Psychologist Tim Wilson says introspection only gets us so far, and that we often make important decisions in life and love for reasons we don't even realize.

But he says there are some simple ways to improve our self-knowledge. This podcast discusses important topics that affect us as individuals and as a society. Shankar Vedantam. Maggie Penman. It's almost Valentine's Day, but this week we're not talking about love.

Instead, we explore the other forces that drive our romantic relationships. Anne Bowers wanted her boyfriend to buy her a used ring. Second-hand engagement rings are hundreds or even thousands of dollars less expensive than new ones. But when it came time for him to propose, her husband went for a new ring.

He said he just couldn't buy a second-hand ring. Anne Bowers, a sociologist, recently conducted a study showing that many people behave exactly like her husband. She presented people with three scenarios describing identical rings that came from different sources—a store, a happy marriage, and a divorce. She found people were much less willing to pay for engagement rings that were "tainted" by a previous owner in a failed relationship.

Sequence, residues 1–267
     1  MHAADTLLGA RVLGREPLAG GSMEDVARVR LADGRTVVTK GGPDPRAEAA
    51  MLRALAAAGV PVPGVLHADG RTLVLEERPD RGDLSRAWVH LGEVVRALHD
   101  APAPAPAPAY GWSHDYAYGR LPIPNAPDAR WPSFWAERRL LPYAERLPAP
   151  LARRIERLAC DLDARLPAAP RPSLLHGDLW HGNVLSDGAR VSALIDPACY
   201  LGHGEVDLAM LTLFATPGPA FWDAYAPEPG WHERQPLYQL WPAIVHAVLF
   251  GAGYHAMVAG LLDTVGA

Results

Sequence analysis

This wasn't a hidden bias, either. Like her husband, people knew it was irrational to pay hundreds of dollars more for a ring with identical cut, color, clarity, and carats—but they did it anyway.

This week, Shankar also chats with Morning Editions' David Greene about research showing that matchmakers are happier than the rest of us. And that it's the matchmaking that makes them happier. Daniel Pink returns for another round of Stopwatch Science with more research on dating and mating.

Finally, we're joined by Meshelle, the indie-mom of comedy, for a game we call "Mad Scientist. They had an undercover researcher approach women on the street and ask them for their phone number.

Shankar Vedantam. Maggie Penman. It's almost Valentine's Day, but this week we're not talking about love. Instead, we explore the other forces that drive our romantic relationships. Anne Bowers wanted her boyfriend to buy her a used ring. Second-hand engagement rings are hundreds or even thousands of dollars less expensive than new ones. But when it came time for him to propose, her husband went for a new ring.